An excavation into a Roman amphitheatre has uncovered evidence of a holding cell for those who were about to meet their fate in the arena, English Heritage has revealed.
The Richborough Roman Amphitheatre in Kent is believed to have provided the inhabitants of the town with a place for public spectacles and entertainment such as wild animal hunts, executions and gladiatorial combat.
Other finds – such as animal bones, coins and pottery fragments – have also led archaeologists to believe the town was inhabited by civilians until the end of Roman rule at the turn of the 4th/5th century.
The excavation also uncovered an almost complete skeleton of a purposefully buried Roman cat and traces of painted decoration to the plaster face of the arena wall, which is the first known instance of this on any Roman amphitheatre in Britain, English Heritage said.
The recent discoveries have provided further evidence that Richborough was an important Roman site in Britain, and the excavation has revealed further details of how it was constructed.
Archaeologists believe the exterior arena wall was up to six metres wide and made of stacked turf, while the interior wall was made of mortared chalk blocks with a rendered and plastered face.
It was here that traces of paint were discovered in what once would have been vivid reds and blues, a discovery which is said to be unprecedented in amphitheatres in Britain.
The English Heritage team has said the use of chalk and turf as building materials is an “exciting discovery” which suggests the amphitheatre may have been built early in the Roman period, in the 1st century AD.
Paul Pattison, English Heritage senior properties historian, said: “The discoveries we’ve made during the excavation at Richborough are startling and exciting, and dramatically transform our understanding of the structure of the amphitheatre and the nature of adjacent settlement in the town.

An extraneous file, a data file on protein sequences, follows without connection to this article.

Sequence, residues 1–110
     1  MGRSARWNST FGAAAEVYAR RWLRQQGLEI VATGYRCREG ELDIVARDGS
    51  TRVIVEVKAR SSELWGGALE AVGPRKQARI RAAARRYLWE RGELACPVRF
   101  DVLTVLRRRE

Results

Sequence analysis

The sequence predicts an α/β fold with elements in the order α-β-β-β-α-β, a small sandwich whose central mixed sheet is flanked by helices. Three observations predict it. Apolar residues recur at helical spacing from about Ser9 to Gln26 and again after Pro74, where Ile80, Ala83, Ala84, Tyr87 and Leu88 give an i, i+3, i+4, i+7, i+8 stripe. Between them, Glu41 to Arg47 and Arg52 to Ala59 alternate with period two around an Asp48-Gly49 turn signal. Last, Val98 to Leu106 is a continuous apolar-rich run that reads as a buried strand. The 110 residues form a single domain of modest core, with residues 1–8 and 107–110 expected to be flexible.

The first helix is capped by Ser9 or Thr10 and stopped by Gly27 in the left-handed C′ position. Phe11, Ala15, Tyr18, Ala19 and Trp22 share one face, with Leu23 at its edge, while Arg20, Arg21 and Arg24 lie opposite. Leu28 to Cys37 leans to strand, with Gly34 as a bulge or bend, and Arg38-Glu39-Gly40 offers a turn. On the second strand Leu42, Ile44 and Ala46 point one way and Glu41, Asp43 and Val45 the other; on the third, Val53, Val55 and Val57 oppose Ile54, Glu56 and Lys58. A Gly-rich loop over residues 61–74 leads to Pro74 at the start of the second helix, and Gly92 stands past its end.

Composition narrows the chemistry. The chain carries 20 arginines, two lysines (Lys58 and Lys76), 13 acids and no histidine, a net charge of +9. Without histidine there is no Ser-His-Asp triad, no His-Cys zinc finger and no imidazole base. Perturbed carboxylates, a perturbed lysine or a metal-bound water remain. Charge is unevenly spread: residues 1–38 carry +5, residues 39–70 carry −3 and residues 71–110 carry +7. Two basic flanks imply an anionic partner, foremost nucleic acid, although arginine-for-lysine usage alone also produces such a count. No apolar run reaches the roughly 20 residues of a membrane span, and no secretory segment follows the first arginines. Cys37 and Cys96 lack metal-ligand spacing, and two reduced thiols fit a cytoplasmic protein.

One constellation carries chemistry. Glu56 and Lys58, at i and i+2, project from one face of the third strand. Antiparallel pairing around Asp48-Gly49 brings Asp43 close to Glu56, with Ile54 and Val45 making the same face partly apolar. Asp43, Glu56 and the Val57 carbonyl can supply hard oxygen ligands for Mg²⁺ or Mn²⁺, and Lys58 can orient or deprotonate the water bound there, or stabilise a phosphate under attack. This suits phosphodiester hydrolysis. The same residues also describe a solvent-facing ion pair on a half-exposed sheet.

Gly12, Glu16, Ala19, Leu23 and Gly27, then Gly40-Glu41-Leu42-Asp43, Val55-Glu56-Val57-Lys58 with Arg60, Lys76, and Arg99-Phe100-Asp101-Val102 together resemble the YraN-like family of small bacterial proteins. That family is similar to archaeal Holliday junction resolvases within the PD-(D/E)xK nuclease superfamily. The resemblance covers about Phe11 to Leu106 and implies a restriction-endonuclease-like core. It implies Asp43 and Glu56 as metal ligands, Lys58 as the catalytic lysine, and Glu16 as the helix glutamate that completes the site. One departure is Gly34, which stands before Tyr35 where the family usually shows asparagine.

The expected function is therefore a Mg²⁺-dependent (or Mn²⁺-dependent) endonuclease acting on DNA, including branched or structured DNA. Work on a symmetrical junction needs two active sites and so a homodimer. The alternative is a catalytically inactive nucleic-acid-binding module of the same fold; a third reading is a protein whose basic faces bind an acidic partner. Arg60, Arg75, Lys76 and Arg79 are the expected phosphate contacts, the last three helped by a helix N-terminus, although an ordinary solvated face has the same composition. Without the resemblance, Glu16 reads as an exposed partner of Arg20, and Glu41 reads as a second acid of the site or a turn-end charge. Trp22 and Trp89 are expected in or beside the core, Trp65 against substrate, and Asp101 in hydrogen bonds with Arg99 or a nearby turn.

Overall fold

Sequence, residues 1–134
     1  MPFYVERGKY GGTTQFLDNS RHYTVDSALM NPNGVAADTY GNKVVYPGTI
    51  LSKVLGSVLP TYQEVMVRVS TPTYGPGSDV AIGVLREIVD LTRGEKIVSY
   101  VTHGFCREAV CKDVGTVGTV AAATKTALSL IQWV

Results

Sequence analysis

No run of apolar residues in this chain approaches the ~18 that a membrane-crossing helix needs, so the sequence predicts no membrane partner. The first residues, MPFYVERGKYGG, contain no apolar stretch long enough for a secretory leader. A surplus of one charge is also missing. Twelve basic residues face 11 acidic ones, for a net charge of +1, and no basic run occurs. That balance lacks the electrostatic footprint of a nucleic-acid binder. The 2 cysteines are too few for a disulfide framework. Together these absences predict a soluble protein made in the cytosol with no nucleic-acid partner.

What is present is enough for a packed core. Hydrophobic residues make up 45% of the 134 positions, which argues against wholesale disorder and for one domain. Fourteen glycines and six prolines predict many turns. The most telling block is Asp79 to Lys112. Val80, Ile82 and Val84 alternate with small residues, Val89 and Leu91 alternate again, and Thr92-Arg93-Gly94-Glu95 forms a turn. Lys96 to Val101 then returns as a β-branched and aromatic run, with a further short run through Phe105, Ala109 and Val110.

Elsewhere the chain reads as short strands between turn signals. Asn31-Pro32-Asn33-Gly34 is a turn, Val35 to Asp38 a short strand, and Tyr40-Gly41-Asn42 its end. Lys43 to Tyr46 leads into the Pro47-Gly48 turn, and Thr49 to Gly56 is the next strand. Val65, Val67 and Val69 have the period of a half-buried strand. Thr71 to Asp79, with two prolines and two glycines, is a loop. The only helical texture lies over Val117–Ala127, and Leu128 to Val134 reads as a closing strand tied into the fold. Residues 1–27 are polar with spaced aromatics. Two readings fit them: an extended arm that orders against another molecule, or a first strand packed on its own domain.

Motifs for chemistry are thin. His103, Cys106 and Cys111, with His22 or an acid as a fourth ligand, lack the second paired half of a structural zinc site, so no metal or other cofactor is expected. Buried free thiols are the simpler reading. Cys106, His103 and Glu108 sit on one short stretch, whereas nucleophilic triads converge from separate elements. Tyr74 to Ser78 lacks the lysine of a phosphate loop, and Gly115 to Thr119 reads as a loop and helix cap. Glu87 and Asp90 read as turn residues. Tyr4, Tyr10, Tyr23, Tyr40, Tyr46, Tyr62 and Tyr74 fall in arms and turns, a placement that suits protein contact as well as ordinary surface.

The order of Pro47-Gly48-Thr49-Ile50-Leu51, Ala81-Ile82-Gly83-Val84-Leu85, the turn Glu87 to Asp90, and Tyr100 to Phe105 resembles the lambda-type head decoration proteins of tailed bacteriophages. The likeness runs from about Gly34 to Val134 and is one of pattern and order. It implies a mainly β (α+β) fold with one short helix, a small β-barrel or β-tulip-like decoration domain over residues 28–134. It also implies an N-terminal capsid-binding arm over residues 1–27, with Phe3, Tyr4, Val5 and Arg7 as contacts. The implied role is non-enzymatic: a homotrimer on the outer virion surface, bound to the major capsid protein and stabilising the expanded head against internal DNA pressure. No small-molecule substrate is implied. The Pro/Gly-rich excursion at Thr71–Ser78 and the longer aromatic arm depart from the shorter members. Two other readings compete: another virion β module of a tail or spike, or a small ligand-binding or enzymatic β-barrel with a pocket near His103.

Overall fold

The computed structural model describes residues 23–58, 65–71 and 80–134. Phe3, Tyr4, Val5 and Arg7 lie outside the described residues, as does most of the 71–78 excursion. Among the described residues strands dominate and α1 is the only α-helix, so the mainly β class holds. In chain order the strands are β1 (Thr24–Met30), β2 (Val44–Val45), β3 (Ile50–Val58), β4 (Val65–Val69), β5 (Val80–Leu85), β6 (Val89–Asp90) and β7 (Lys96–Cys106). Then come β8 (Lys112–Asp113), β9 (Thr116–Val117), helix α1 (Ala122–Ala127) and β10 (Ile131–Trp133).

“We’ve always known that the Roman fort at Richborough was an important place to the Romans, until the very end of their rule, and now we have been able to gather evidence that much of the town outside the fort may also have been settled until the very end.”
Tony Wilmott, a senior archaeologist at Historic England, added: “Amphitheatres are a unique Roman creation and this one – which could seat as many as 5000 spectators – may have been constructed in the 1st century AD in the early phase of Roman rule.
“The evidence of painted decoration we have found on the arena wall, a unique find so far in amphitheatres in Britain, is remarkable, and a wonderful reminder that aspects of Roman culture abroad were also a feature of life in Roman Britain.”
This excavation will form part of a major refurbishment and re-presentation of the site and museum which will take place this winter and open in summer 2022.
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